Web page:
4 Mar
2010
Posted in: Food
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History of the Cornucopia


When you sit down to a Thanksgiving feast, it’s likely your eyes take in an attractive centerpiece on the table called a cornucopia. Fresh flowers, fruits and vegetables fill and spill out of the horn-shaped woven basket. Nicknamed the “horn of plenty,” the word cornucopia originated in Greek myth. After reading about this humble decoration’s beginnings, you may look at the cornucopia in a different way the next time you see one.

Zeus Creates the Cornucopia

Two stories concern the cornucopia’s origins. The first begins with Zeus, the greatest of all the Greek gods. Cronus, his father, wanted to kill Zeus, so his mother Rhea hid him in Crete to protect him. The king of Crete had several daughters who raised him, and their goat provided milk for the child. When Zeus grew older he broke off one of the goat’s horns and gave them the magic power to fill up with whatever the owner of the horn desired. Zeus gave the horns to the king’s daughters to thank them for caring for him. According to legend, whoever owned the horn would never go hungry.

Cornucopia

An alternate story involves the goat giving Zeus one of her horns in reverence. Zeus repays her by placing her image in the sky. We know the image as the constellation Capricorn.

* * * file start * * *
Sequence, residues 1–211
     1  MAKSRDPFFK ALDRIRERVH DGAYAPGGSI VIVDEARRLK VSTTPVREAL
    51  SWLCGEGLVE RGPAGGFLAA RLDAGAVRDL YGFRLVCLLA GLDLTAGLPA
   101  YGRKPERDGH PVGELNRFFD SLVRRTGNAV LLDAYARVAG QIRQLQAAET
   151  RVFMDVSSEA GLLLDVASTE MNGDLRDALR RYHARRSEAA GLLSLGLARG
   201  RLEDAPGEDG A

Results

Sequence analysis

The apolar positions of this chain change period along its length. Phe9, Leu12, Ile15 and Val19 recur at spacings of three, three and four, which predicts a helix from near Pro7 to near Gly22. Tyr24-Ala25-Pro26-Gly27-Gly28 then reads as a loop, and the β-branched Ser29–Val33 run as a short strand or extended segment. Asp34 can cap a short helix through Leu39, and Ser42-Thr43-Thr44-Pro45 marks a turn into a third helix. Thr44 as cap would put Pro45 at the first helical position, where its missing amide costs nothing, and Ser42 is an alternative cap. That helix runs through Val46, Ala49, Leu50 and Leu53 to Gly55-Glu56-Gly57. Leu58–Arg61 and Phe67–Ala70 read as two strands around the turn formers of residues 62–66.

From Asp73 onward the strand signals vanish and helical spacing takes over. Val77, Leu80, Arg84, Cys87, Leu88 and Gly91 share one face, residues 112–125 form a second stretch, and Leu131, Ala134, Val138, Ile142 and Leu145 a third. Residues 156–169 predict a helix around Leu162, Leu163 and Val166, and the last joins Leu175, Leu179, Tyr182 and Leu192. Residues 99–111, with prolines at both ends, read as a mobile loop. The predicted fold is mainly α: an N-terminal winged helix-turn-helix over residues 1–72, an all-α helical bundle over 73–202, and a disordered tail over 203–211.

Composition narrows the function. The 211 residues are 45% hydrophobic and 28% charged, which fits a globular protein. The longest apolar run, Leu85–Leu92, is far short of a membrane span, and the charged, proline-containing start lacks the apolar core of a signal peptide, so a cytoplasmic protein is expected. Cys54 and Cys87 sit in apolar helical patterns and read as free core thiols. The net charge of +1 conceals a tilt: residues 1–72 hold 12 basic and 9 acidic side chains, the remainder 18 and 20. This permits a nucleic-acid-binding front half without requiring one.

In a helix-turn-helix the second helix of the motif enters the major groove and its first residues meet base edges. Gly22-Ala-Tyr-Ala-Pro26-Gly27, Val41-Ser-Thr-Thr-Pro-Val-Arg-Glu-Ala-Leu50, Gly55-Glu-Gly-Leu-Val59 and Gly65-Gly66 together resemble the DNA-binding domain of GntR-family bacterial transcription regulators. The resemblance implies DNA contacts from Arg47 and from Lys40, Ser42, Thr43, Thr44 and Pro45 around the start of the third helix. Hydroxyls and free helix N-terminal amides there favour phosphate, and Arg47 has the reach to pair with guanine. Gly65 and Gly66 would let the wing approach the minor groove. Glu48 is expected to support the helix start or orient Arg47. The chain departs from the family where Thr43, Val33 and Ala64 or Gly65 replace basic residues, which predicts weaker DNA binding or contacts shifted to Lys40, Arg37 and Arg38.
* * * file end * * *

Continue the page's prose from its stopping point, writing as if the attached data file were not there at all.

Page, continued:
Hercules Makes the Cornucopia Instead

The second story in Greek mythology concerns Hercules’s role in creating the cornucopia. A feud erupted between the mighty Hercules and the river-god Achelous. The two competed for the love of Dejanira, a young woman of breath-taking beauty. The two fought in a colossal wrestling match and Hercules began to get the better of Achelous.  Achelous, a shape-shifter, changed into a serpent and then into a bull in an effort to gain leverage against Hercules. Hercules broke off one of Achelous’s horns, and when he did the river changed course.  The water-nymphs came upon the horn in the river and treated the horn as a sacred object. They filled the horn with flowers and took care of it. Later Copia, the Goddess of Plenty, adopted the horn. Hercules married Dejanira and they reared a family.

Artist Renderings of the Cornucopia

Mythological beings and deities illustrate a theme in classical paintings, and the cornucopia became a popular design element. Artists often painted the curved goat’s horn filled with fruit and grain, and thus it came to symbolize wealth and plenty. Tyche, the goddess of riches and abundance, also became associated with the cornucopia. It also became the emblem for several other deities.

Modern design for cornucopias usually involves the use of it as a fall decoration. A favorite of florists, they often act as a vessel for containing bright, decorative flowers, fruits, gourds and many other decorative ideas that make it a pretty table ensemble.

The cornucopia symbolizes riches and plenty in some folklore, art and mythology, so the decoration rightfully belongs on the table at which you plan to have a meal while enjoying the company of family and friends.

The Meaning of the Word Cornucopia

The cornucopia has a close association with Thanksgiving, but people considered it symbolic before the holiday existed. The word originated in 1508 and comes from the Latin cornu, meaning horn, and copia, meaning plenty.

Cornucopia

References

Zeus

http://www.thanksgiving-day.org/cornucopia.html

Hercules

http://www.flowershopnetwork.com/pages/newsletter/NewsletterOctober2005.php

Latin

http://dictionary.reference.com/browse/cornucopia




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